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The sugar industry’s two-year long happy hour is finally ending. This appears to be the consensus view, at least among the listed players, whose ‘outlook’ for MY21 predicts a surplus crop.

Regular readers will recall that the domestic sugar prices have been on what seemed like a never-ending bull ride since the beginning of marketing year 2018-2019, an anomaly that just kept on giving. Historically, sugar prices tend to crash by as much as 10 percent between Dec-Jan, from their peak levels touched at the end of marketing season in August-September.

Instead, the past two years have stood out as prices kept on soaring during and after the peak crushing season. This came as a consequence of mills slowing down their procurement of raw material cane, ostensibly to get rid of high carryover stocks, but really to ensure that ex-factory prices remain intact.

But there is only a limit to which mills can restrain crop procurement. Like any other business, sugar industry is also in a long-term, committed relationship with its suppliers – namely, the growers. A refusal to procure large swathes of crop in mill area can have grievous consequences, as growers may switch to substitute crops permanently, rendering the units out of business. And this is no hypothetical, the rural areas of central Punjab and southern Sindh are checkered with defunct mills who took the idea of ‘bargaining power of buyer’ too far.

And now, the management commentaries in the nine-month financials of listed sugar mills are already predicting a surplus crop in the upcoming 2020-21 crushing season. Although provisional estimates from Crop Reporting Services are so far not in, the industry’s claim seems to make sense.

First, cane growers recorded remarkable returns last season when rumors of crop shortfall created a competition among mills in early December, driving raw material prices to 30 percent premium over an already raised government notified rate (procurement paused for 20 days in Dec-Jan when revised crop estimates began to trickle in, leading to an eventual lower procurement for the whole season).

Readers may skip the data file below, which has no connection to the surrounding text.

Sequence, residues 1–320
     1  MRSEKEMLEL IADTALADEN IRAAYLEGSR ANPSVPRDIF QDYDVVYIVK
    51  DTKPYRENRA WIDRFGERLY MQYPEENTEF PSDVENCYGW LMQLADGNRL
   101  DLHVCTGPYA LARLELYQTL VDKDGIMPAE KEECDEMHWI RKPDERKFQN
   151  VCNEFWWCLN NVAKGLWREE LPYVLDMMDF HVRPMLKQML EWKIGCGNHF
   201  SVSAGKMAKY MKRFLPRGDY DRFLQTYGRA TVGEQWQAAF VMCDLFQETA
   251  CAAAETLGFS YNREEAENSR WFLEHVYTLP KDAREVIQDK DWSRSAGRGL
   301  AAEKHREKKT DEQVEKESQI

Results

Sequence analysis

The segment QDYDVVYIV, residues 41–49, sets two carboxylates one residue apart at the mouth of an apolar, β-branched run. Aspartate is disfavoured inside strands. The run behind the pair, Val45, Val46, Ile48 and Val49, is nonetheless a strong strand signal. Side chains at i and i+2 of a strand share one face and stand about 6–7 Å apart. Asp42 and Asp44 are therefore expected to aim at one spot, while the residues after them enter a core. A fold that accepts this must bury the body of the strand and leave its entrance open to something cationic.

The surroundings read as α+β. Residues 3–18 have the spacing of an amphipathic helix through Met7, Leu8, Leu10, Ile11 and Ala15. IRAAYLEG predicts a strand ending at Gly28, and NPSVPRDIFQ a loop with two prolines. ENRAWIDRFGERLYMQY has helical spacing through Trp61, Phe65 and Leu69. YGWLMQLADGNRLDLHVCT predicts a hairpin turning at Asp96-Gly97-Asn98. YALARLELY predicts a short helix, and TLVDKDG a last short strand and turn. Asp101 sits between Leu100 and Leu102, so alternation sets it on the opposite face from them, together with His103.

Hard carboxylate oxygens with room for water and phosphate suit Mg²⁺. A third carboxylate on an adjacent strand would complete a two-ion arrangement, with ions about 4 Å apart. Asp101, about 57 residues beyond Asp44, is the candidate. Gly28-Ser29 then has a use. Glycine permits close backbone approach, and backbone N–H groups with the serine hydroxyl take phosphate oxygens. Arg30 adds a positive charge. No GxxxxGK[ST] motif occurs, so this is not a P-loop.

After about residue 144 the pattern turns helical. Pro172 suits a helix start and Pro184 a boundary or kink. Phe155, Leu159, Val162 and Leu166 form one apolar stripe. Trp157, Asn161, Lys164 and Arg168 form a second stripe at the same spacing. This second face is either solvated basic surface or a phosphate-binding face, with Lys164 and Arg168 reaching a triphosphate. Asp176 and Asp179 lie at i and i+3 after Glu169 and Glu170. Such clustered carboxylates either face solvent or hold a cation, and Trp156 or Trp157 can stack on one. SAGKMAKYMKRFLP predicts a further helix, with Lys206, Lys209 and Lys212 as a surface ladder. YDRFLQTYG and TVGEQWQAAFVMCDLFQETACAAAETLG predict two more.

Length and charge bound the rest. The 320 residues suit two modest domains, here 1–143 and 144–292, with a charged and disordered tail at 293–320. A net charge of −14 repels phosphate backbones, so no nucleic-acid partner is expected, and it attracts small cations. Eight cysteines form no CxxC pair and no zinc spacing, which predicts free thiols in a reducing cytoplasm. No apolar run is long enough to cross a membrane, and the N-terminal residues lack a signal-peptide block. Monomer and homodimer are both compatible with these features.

Second, losses borne by growers who had shifted to cotton last season have led many to switch back to cane in the current season, already reflecting in lower area under cotton cultivation as per Pakistan Central Cotton Committee.

Risks persist, however. Crop yield has been adversely affected in the past due to shortfall of irrigation water, but no indication to this effect has made news so far. In fact, high frequency data from IRSA and SUPARCO indicates both irrigation water and rainfall has remained adequate throughout the Indus basin. On the other hand, fertilizer offtake data has not shown any significant growth spurt. While this need not necessarily translate into low yield; at the same time, it may indicate that crop yield may not vary above 10-year average of 60 ton per hectare by much (or less than 5 percent).

Which brings the bets down to the final variable: sucrose recovery. Here, the management commentary in listed firms’ financials come in handy. The consensus implies an ‘above par or healthy’ recovery, indicating the industry is looking forward to an output level above the 5-year low touched last season.

Put the pieces of the puzzle together, and it appears unlikely that the ‘rise and rise’ recorded in sugar prices may continue into 2021. But does that mean an immediate decline between October and December, in line with historic price trends? On that note, the 2020-21 season may look a lot more like 2016-17 than any other year, considering the currently thin level of domestic stocks and no developments on the TCP’s import orders. Sugar prices are all set to dial it down, just not yet.